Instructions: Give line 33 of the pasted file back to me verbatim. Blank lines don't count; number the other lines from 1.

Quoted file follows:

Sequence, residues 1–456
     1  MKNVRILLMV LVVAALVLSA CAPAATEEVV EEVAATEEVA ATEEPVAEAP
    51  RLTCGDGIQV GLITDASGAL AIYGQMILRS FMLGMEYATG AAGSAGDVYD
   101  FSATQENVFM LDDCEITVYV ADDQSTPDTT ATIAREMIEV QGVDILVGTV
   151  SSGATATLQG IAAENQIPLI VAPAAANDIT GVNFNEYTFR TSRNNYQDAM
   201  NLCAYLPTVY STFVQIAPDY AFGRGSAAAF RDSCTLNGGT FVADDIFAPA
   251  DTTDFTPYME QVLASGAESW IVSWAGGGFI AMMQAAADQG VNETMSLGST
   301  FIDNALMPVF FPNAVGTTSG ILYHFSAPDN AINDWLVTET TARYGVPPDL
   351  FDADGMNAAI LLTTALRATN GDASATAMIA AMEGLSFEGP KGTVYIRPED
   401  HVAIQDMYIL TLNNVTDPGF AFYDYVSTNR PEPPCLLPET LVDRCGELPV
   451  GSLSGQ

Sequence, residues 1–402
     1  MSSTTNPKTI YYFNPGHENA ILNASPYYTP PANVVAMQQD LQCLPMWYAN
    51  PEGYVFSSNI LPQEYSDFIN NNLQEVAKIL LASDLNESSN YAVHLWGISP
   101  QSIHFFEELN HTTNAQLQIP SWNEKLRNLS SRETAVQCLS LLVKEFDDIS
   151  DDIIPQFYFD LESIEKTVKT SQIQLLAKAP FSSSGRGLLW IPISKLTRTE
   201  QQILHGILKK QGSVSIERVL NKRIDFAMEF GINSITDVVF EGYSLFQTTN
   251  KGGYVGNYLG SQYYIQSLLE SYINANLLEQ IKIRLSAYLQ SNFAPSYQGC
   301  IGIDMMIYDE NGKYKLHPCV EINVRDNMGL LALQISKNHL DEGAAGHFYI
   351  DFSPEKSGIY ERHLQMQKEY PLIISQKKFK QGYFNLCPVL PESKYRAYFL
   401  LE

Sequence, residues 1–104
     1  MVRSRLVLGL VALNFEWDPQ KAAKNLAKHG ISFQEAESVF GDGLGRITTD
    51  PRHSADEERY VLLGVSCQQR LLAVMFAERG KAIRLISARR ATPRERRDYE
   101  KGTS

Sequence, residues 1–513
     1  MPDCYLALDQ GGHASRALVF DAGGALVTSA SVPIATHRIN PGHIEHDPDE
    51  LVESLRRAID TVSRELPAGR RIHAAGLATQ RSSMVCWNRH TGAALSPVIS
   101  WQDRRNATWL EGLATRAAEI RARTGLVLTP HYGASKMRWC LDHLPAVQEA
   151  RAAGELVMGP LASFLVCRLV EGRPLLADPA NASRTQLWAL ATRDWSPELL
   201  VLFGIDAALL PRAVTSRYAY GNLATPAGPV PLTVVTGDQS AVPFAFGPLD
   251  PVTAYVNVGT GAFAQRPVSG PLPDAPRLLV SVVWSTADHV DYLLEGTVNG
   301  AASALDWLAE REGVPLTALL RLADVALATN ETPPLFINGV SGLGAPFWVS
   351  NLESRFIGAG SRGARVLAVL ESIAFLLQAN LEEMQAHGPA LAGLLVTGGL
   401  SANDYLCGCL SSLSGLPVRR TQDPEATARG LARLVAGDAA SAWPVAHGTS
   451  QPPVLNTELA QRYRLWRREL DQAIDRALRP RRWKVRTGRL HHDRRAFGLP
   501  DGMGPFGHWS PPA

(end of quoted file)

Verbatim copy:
   301  AASALDWLAE REGVPLTALL RLADVALATN ETPPLFINGV SGLGAPFWVS